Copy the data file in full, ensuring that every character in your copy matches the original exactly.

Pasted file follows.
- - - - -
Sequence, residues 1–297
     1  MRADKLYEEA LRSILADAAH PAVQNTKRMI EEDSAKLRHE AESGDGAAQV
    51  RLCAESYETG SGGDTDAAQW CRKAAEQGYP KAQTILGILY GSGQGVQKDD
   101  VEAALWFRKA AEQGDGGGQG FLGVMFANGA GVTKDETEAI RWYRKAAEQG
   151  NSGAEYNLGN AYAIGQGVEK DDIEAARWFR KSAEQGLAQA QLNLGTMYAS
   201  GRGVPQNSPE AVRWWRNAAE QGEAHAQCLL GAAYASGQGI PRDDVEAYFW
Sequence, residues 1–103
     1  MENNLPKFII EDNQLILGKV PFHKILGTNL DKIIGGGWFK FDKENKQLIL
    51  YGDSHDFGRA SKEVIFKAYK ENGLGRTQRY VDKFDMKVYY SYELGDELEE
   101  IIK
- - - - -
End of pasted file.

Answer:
Sequence, residues 1–297
     1  MRADKLYEEA LRSILADAAH PAVQNTKRMI EEDSAKLRHE AESGDGAAQV
    51  RLCAESYETG SGGDTDAAQW CRKAAEQGYP KAQTILGILY GSGQGVQKDD
   101  VEAALWFRKA AEQGDGGGQG FLGVMFANGA GVTKDETEAI RWYRKAAEQG
   151  NSGAEYNLGN AYAIGQGVEK DDIEAARWFR KSAEQGLAQA QLNLGTMYAS
   201  GRGVPQNSPE AVRWWRNAAE QGEAHAQCLL GAAYASGQGI PRDDVEAYFW
Sequence, residues 1–103
     1  MENNLPKFII EDNQLILGKV PFHKILGTNL DKIIGGGWFK FDKENKQLIL
    51  YGDSHDFGRA SKEVIFKAYK ENGLGRTQRY VDKFDMKVYY SYELGDELEE
   101  IIK